Super-Bee: Brand new bee species being bred in Sheffield

Beekeepers are trying to breed their own Sheffield Super-Bee to improve honey yield in the city.

The Beekeepers Association has tried for the past four years to create a variant of the British Black Bee that is adapted to the conditions of Sheffield.

Harsh winters make it difficult to accommodate bees that are imported from places such as Italy and Denmark as they need constant feeding, and without the vital nutrients most bees die.

This means it cannot sustain a population of foreign bees.

It started the breeding process because of these issues.

Phillip Khorassandjian, the Chair of the Sheffield BKA, said: “We’re trying to breed a bee that performs well in Sheffield, when you import bees they won’t breed true and can turn aggressive and lethargic if they’re cross bred.”

Beekeepers are trying to follow examples set in places such as Buckfast Abbey, where a special type of bee was bred over 100 years ago.

The man-made variant of the bee was created by introducing a queen to a queen-less colony who was then raised by the rest of the colony.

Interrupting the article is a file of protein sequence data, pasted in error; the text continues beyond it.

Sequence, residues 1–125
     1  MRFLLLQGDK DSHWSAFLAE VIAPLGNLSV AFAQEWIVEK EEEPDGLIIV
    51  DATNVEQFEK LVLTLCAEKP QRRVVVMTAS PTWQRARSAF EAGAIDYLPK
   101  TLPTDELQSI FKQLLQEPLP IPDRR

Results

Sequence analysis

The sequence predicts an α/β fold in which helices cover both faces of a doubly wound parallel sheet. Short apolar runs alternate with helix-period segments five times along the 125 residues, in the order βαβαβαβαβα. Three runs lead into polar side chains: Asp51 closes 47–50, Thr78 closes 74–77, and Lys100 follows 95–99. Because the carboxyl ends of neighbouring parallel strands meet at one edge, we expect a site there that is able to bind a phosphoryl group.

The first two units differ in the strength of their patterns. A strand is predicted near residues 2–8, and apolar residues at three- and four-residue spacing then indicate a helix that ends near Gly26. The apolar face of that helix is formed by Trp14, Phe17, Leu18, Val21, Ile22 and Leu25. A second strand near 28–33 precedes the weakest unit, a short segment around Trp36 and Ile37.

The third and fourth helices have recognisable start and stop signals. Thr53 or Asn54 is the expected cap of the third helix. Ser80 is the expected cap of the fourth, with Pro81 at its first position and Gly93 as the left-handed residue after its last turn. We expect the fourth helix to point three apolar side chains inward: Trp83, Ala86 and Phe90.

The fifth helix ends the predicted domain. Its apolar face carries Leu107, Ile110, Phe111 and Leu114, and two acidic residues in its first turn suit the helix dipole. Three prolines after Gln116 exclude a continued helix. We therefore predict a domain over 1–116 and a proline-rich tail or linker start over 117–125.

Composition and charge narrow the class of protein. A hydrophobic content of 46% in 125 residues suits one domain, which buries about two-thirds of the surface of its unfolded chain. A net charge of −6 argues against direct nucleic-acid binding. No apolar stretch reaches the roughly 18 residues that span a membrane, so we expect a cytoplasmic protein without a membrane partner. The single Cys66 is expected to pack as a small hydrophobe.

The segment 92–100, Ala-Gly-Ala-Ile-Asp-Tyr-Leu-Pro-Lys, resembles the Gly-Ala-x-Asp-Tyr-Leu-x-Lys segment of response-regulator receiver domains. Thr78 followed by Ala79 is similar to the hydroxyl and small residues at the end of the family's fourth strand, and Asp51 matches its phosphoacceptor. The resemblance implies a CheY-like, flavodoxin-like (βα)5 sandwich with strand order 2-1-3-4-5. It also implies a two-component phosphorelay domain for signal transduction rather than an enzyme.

However, there are a number of stumbling blocks in the way of successful breeding.

Breeding requires isolated mating sites and the right type of queen and, even though the association has a number of queens, there are not a lot of mating sites with the right conditions to support breeding in South Yorkshire.

The association currently has a breeding site in Hathersage which is surrounded by 25 apiaries in a 10km flying distance, which keepers use to collect honey. This means they have no control over the bees mating.

This is also due to the method of open mating the BKA use, which allows the bees to fly freely and mate mid-air.

Despite this, Mr.Khorassandjian still believes a native British Black Bee will be beneficial for Sheffield.

He said: “The advantage to the native bee if that they fly in cold weather and don’t need a lot of feeding. If we have a bad summer the Italian bee might need a lot of feeding whereas the British Black Bee will produce honey.”

The association is still dedicating its efforts to not just breeding a native bee but also to maintaining a sustainable bee population in South Yorkshire.

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